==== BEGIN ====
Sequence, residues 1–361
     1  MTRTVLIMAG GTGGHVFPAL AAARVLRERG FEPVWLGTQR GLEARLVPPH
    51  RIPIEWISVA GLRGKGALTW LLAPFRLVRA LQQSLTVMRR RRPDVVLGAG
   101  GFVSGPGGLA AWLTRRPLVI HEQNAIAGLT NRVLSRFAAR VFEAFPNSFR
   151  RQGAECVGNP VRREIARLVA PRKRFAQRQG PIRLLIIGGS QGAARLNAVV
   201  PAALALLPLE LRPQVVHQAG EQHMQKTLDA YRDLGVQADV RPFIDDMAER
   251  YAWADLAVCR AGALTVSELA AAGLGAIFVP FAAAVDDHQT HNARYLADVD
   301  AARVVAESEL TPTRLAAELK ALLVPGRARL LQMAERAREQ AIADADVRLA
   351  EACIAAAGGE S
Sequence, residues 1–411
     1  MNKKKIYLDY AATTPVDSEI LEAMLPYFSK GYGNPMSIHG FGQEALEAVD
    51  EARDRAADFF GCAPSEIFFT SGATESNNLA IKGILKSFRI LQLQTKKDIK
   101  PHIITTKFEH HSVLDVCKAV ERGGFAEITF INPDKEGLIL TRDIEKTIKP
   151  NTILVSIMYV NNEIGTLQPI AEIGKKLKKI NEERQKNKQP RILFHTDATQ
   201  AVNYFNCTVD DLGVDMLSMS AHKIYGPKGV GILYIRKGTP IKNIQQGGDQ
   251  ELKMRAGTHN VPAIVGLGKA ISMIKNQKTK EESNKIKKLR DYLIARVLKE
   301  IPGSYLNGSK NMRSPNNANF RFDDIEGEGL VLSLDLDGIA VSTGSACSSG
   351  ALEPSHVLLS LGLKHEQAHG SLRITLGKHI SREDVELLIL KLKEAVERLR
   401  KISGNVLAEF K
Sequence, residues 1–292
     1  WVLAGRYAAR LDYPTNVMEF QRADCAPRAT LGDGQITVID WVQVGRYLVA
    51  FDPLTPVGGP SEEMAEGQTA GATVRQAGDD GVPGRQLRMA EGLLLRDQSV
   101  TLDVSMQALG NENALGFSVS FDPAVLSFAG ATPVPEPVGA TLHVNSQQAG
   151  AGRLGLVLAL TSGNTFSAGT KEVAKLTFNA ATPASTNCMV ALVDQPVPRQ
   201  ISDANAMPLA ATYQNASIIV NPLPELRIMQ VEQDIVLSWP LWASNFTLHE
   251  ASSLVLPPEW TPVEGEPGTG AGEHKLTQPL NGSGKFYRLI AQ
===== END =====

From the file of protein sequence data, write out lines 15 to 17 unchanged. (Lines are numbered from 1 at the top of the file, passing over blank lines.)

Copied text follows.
   201  AVNYFNCTVD DLGVDMLSMS AHKIYGPKGV GILYIRKGTP IKNIQQGGDQ
   251  ELKMRAGTHN VPAIVGLGKA ISMIKNQKTK EESNKIKKLR DYLIARVLKE
   301  IPGSYLNGSK NMRSPNNANF RFDDIEGEGL VLSLDLDGIA VSTGSACSSG